The Novice Father: Save the planet or save my sanity?
Vail CO, Colorado
EAGLE COUNTY, Colorado ” My baby will outgrow entire wardrobes every three months (I still wear shirts from high school). During diaper changes I have a hard time not soiling any clothes ” hers or mine. That doesn’t even count the blankets, sheets and changing pads that attract spit-up and other fluids. Add up all the baby wipes, extra laundry cycles and enough plastic diapers to fill the Solaris excavation site, and my sustainability hopes are in the dumpster.
I’d like to consider myself eco-friendly, but sometimes it’s tough to think about saving the planet when I’ve got a screaming baby in my arms.
Depending on what source you use, I will throw away 4,000 to 11,000 plastic diapers before my kid becomes potty trained. Let’s face it: for a baby with such small feet, my daughter has a large carbon footprint. How does a time-strapped, sleep-deprived new parent keep some remnants of an eco-friendly household?
The best thing I can do is just keep environmentalism in mind, advised Matt Scherr, director for the Eagle Valley Alliance for Sustainability. “And forgive yourself when you’re not ‘king green.'”
“We’re not going to succeed in being completely green, but if we keep it in mind, we can make a huge difference,” he said.
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Scherr, a father of a two- and four-year-old, noted that the best motivators to be green parents are 1) cutting costs and 2) the baby’s health.
“When you see the bills go up as much as you do, it’s a great motivation to try and cut costs,” Scherr said.
To keep my utility bill in check, I might avoid raising the heat in the house to 80 degrees in the winter just because a baby now sleeps there (contrary to parents’ constant worries, babies like the same temperatures we do, Scherr said). I might look for hand-me-down clothes. Those clothes will be practically new since the original owner wore that Winnie The Pooh onesie exactly twice. I might even consider the switch to cloth diapers so I don’t have to buy a case of disposables each time I’m at the grocery store.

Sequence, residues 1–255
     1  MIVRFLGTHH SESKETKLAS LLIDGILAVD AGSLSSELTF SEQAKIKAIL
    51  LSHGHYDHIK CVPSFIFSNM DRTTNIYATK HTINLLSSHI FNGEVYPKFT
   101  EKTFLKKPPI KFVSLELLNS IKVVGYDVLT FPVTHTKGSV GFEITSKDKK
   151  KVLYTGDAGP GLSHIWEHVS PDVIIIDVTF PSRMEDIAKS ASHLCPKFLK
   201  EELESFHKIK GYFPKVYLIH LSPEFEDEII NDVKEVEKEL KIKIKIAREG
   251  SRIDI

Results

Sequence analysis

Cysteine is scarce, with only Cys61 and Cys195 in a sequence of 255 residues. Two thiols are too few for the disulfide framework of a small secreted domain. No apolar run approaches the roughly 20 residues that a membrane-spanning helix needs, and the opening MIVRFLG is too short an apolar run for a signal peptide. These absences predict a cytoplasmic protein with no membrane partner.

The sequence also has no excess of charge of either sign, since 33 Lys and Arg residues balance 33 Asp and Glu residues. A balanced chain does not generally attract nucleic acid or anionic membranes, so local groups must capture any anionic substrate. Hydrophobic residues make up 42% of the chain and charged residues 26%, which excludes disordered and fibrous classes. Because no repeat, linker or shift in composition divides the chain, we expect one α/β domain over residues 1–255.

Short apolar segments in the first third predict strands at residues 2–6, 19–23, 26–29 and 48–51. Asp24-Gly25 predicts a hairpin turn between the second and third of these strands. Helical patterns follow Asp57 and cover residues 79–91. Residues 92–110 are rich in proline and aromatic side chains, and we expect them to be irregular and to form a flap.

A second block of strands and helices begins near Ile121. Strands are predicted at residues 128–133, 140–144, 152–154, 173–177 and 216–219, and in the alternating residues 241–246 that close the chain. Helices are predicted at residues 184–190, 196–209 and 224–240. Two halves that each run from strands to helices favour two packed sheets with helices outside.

“We’re drinking organic milk, which we didn’t before,” said Brett Falk, Avon resident and father of two boys, ages four and two. “We’re just more careful about what we put into them.”
Falk also switched to dye-free laundry detergents when his first child was born for the same health concern.
Like Falk, I’m also finding my baby’s health to be much more a hot-button motivator than I thought. While I happily scarfed down whatever hormone-injected meat they sold on the cheap shelf at the grocery store, I now make sure my breastfeeding wife gets only the organic chicken on her plate. “You don’t cut corners when you’re talking about the health of your kids for the rest of their lives,” Scherr said.
Falk noted that he had to forgo certain green options based on convenience.
“We go through tons and tons of diapers. I can’t imagine how my mother did it, with a pail full of cloth diapers to wash every week,” Falk said. He also lamented all the individually packaged snacks he puts into his kids lunch boxes each day.
“It’s always on my mind as how to be green and not just burden ourselves with cleaning, cutting and repackaging,” Falk said.
Cost versus health versus convenience. I won’t be able to live a carbon-neutral lifestyle. However, if I keep my eyes out for green choices, I’ll be able to pick out the earth-friendly habits that will help my baby’s health and possibly save me some money.
Kelly Coffey is a novice father. He shares his mistakes, fears, and laughs along his journey to figure out how anybody could possibly raise a child. E-mail comments or questions about this column to firstname.lastname@example.org.